All that changed in 1988. The city shut down the status-offender unit at the Juvenile Hall, and to save money, decided to privatize it. At the same time, Bruce Fisher, a juvenile-attorney-turned-consultant, took over as executive director of Huckleberry, which at that point was operating as a nonprofit, with a $1 million yearly budget. Jumping on the opportunity to keep kids out of jails, staff wrote a proposal to be the city’s community-basis status-offender program. They won, their yearly operating budget doubled, and for the first time since it launched, Huckleberry Youth Programs and the city officially began working in unison.
Addicted to the momentum, Fisher found himself with a newfound responsibility not just to the youth, but to the city. “They asked if I’d be the interim Executive Director, and I said, ‘Yes, for three months,’ ” he tells SF Weekly. “Then I stayed for 26 years.”
As part of the new juvenile-delinquent program, police were instructed to bring runaways and status offenders to Huckleberry’s new Community Assessment and Resource Center (CARC), located on Gough Street just south of Market. The organization had two days to reunite kids with their families. If that wasn’t possible, they were sent to Juvenile Hall. It was a tight timeline. More family counselors were hired, and pressure mounted to resolve family disputes as quickly as possible.
The program continues today. A third of all youth arrested in San Francisco go to CARC, and not to Juvenile Hall.
“If a minor is arrested, they’re 70 percent likely to be arrested again within a year,” says Styles. “The youth that come through our services are only 30 percent likely to be re-arrested. We sit down with them and say, ‘You’re not a criminal. You did something you shouldn’t have, and that needs some resolution. But we want to know: Who are you? What do you like to do? What gets you excited?’ These are all questions that, if you go to Juvenile Hall, they’re not going to ask you.”
The next project Huckleberry took on fell right into its lap. After the juvenile-detention transition in the late 1980s, another issue appeared: Kids who arrived at Huckleberry House needing medical care would be trucked up to Juvenile Hall to receive it. With this gap in service, Fisher saw an opportunity to expand beyond the beds and counseling that the center offered. A section of the unfinished basement in the house was turned into a medical clinic, and he hired a nurse to treat youth 20 hours a week.
“Kids would come in to Huckleberry, then go home,” Fisher says. “But they’d come back weeks or months later, and we’d go, ‘Oh, did you run away again?’ and they’d say, ‘No, but can I see the nurse?’ ”
The return for care, Fisher learned, had a lot to do with access to reproductive health care and treatment from a confidential medical professional that was not the family pediatrician.
As demand increased and space became tight, Huckleberry applied for a large grant from the Robert Lee Johnson Foundation to launch the Cole Street Youth Clinic. In 1992, it received the grant, and the clinic is still open today.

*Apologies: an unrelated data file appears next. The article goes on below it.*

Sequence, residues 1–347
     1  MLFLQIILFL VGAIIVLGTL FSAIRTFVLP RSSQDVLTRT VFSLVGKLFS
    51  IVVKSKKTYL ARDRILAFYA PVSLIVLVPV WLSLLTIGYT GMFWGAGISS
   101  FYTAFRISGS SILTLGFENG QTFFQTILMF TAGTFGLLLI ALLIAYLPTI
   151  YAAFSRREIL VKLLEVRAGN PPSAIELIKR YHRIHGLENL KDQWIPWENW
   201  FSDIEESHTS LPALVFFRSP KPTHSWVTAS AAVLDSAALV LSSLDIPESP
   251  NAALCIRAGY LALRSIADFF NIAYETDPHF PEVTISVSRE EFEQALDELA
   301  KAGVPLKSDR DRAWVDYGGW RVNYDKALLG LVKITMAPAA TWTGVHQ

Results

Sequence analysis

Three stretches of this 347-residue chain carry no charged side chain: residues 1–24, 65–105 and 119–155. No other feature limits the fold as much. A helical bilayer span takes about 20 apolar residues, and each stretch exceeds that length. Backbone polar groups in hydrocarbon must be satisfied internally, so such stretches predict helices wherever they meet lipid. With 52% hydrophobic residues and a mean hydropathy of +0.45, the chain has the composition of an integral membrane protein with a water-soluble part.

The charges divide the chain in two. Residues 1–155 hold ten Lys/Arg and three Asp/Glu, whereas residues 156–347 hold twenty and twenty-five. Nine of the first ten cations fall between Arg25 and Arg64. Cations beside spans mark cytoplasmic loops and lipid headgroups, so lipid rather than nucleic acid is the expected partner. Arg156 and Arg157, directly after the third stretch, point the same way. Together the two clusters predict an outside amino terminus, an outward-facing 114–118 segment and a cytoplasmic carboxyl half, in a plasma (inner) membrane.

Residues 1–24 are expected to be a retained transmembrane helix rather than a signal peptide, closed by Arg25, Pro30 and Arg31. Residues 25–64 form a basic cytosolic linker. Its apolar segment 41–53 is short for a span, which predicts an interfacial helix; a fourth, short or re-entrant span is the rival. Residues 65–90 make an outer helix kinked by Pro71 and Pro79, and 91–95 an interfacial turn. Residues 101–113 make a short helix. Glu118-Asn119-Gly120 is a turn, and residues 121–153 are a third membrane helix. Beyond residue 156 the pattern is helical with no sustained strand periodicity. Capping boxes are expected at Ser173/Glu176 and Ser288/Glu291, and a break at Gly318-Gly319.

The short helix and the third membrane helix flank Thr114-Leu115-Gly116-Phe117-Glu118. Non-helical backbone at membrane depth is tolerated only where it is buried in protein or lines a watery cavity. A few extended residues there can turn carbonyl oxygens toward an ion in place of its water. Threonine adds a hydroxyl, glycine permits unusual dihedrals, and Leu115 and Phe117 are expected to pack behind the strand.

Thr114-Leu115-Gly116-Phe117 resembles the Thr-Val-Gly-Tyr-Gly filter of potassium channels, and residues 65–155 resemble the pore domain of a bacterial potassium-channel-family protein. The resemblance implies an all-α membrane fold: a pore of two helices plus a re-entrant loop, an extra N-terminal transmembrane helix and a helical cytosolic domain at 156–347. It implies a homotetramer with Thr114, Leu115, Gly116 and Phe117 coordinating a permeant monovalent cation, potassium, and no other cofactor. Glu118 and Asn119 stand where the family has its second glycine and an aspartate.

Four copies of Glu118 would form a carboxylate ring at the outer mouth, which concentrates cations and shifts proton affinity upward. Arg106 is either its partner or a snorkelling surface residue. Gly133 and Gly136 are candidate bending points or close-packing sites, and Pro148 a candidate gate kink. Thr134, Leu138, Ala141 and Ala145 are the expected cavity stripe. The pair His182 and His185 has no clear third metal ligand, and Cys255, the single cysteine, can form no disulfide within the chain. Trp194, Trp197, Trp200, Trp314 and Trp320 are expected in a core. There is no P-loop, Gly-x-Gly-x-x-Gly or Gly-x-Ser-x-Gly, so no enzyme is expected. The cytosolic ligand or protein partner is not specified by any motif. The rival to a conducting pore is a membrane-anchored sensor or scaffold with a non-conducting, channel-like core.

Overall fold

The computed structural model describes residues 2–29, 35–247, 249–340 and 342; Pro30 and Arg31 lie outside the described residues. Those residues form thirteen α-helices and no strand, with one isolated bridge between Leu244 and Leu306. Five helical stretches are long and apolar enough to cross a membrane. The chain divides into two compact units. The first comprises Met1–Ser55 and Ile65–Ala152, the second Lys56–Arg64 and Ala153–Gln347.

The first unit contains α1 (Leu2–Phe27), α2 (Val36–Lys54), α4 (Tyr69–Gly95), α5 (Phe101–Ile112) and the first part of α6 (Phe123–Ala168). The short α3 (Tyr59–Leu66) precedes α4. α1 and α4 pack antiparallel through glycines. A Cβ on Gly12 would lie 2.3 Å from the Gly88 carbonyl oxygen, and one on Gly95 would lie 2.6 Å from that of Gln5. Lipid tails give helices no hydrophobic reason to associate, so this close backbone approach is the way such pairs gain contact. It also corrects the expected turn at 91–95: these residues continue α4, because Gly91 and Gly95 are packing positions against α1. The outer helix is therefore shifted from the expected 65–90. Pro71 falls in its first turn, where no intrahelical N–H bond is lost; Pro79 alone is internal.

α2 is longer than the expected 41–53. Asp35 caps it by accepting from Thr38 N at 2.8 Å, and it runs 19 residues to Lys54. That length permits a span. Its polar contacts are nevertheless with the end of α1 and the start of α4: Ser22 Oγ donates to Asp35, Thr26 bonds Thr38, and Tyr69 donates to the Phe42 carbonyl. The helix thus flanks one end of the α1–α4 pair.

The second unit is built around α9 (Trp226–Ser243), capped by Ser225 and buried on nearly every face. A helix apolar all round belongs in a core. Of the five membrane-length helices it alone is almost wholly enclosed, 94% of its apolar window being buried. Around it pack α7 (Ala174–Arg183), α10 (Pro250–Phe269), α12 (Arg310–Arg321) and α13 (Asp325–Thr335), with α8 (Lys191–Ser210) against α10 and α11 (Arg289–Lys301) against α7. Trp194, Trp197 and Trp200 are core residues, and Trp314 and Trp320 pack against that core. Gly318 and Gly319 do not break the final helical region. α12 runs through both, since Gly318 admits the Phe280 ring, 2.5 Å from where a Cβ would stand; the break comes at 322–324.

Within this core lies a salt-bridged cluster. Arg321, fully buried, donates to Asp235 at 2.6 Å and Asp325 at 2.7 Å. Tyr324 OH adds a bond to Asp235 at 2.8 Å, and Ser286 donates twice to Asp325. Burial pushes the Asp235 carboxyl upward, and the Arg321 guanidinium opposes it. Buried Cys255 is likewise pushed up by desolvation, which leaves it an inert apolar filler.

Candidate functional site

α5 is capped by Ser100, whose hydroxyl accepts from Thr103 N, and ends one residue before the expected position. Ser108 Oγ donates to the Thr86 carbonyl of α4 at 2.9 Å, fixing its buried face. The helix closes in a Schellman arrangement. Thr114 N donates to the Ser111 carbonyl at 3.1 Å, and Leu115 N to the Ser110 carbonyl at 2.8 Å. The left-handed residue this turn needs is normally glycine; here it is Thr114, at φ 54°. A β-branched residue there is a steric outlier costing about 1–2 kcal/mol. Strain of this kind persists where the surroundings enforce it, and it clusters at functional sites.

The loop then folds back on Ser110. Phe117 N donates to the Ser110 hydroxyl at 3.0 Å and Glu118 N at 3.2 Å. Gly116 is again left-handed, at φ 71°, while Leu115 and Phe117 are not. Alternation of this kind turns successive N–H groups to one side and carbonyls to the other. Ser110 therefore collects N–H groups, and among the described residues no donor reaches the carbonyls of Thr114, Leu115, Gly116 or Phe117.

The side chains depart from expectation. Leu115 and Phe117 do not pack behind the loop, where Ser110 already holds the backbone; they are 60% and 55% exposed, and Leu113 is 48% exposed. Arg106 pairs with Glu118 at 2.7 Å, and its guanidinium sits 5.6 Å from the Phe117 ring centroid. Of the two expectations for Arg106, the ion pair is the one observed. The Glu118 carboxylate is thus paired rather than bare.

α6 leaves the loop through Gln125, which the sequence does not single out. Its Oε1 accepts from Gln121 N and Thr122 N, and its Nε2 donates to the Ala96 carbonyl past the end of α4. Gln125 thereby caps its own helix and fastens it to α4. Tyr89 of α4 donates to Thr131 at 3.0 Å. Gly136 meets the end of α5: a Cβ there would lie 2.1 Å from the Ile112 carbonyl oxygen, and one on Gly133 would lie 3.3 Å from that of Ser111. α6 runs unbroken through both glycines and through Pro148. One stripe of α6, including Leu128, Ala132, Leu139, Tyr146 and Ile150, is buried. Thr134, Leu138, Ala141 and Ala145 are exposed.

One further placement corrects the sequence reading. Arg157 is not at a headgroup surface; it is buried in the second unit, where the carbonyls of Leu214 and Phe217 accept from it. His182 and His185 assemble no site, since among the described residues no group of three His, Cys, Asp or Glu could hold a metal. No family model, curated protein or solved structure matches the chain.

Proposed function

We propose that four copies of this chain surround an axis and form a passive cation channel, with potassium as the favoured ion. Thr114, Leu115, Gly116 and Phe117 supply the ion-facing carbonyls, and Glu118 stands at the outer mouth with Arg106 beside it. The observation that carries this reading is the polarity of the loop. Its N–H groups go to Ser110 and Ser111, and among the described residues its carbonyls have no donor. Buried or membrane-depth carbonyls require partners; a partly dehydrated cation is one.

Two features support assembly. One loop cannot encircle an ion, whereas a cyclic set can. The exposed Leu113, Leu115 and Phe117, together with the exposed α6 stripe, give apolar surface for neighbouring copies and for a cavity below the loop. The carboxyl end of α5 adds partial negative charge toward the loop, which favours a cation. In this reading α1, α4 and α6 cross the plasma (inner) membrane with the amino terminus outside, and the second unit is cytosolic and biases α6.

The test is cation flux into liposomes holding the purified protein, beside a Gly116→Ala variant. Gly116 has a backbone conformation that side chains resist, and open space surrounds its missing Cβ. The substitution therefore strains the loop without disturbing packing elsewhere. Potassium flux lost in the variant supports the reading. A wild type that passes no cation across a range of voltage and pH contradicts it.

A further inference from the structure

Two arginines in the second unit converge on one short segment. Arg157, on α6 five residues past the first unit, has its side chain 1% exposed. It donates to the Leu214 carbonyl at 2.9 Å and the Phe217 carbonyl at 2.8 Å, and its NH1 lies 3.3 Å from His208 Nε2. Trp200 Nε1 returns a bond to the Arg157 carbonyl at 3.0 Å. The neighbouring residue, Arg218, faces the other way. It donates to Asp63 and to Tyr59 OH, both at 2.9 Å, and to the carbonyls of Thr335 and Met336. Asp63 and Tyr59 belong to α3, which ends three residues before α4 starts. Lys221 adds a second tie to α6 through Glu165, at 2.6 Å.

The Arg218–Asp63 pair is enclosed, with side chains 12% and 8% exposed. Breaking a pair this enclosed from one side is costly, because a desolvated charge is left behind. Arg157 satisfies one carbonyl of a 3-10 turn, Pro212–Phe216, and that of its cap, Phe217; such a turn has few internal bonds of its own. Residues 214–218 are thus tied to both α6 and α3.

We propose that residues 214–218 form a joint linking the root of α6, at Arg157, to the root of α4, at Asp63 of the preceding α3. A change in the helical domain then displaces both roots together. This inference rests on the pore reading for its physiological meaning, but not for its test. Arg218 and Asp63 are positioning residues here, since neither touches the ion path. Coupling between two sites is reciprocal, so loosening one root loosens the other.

“That became the first adolescent-health clinic in the city that focused on teenagers, specifically,” Fisher says.
Lateefah Simon, who grew up in Western Addition and is now on the board of directors for BART, attended the clinic when she was a teenager. “I used to go to the clinic — before I knew it was OK to take — and I would steal condoms and take them back to George Washington High School, and passed them out in the locker room. I remember getting caught one day, and being told, ‘You don’t have to steal condoms. You can take this whole box if you want.’ I remember taking a box of condoms to school one day, and there were 30 people surrounding me wanting the STD information and tools.”
Simon went on to be one of the clinic’s “peer educators,” who shared information on reproductive health and safe sex with other teenagers in the community. It was the presence of peer health educators that inspired Fisher to invest in his next program: the Huckleberry Wellness Academy.
“Many of our teen-health educators, who we thought were very talented kids, wanted to go to college, but they never got in,” he says. “We realized that they didn’t have the resources at home to help them apply to four-year schools; it’s competitive. So we created the Huckleberry Wellness Academy. It’s become very successful.”
The program works with high school-aged youth who hope to be the first in their family to go to college. Most start the program as sophomores and receive weekly help with schoolwork, SAT and ACT preparation, college applications, and counseling with family to prepare everyone for the college experience. If it’s a four-year school, Huckleberry counselors follow the student through the first two years; if it’s a two-year, they follow up for a year. “The dropout rate for first-generation college attendees in the first semester is horrendous,” Styles says. Those who go through the Wellness Program, however, have the support system to help them stay.
One young man named Martin struggled in school, and was skipping classes when he was brought into the Wellness Academy. Neither of his parents graduated from high school, and his motivation to keep up with schoolwork fell apart when another classmate told him that he’d never be a doctor, because he was Mexican. But Huckleberry’s resources helped him straighten out his path.
“I was interested in the program, firstly because it’s a medical program, and I’ve always been fascinated with the human body, and diseases, right,” he says. “But I wasn’t expecting that they would be such a big help with school work, and they would tutor me, they would pretty much tutor me in life if I had any problems. … I did not expect that that Huckleberry would be so involved with my life.”